Personality, Negativity, and Political Participation

Aaron C. Weinschenk, Costas Panagopoulos


Scholars have recently started to integrate personality traits into models of political participation. In this paper, we present the results of a survey experiment (N = 724) designed to test whether negative political messages differentially impact people with different personality traits. We found evidence that individuals with high scores on agreeableness were less likely, and individuals with high scores on extraversion were more likely, to report intending to participate in politics than their counterparts after being exposed to negative political messages. Agreeableness and extraversion also interacted with negative messages to influence specific intentions to make a political donation, attend a meeting, rally, or event, and volunteer for a political campaign. We also found suggestive evidence that agreeableness interacted with negativity to influence turnout intentions. The results of this study have important implications for the study of political engagement, the ways in which people interact with political information, and the practice of democratic politics.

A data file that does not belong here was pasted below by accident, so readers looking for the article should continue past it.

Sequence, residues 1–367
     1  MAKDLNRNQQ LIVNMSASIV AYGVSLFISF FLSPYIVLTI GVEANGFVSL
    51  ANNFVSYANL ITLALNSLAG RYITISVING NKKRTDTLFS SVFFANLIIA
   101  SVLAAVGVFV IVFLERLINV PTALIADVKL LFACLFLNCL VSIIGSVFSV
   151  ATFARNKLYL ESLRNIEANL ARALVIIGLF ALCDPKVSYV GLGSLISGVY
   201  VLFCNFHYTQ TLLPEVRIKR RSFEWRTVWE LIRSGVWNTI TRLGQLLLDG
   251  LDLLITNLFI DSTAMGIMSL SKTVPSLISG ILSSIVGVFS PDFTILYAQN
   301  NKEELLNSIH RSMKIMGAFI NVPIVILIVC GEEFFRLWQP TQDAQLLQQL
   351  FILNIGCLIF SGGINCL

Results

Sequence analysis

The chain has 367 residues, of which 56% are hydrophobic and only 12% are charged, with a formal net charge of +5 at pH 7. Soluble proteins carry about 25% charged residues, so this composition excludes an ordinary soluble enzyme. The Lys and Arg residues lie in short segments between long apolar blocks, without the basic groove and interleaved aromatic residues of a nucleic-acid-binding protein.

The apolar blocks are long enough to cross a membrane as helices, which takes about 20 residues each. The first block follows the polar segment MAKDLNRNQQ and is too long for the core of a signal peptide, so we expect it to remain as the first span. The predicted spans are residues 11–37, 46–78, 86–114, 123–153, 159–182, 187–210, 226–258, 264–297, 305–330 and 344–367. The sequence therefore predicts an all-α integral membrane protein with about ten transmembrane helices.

Big Five; personality traits; political participation; negativity; experiment

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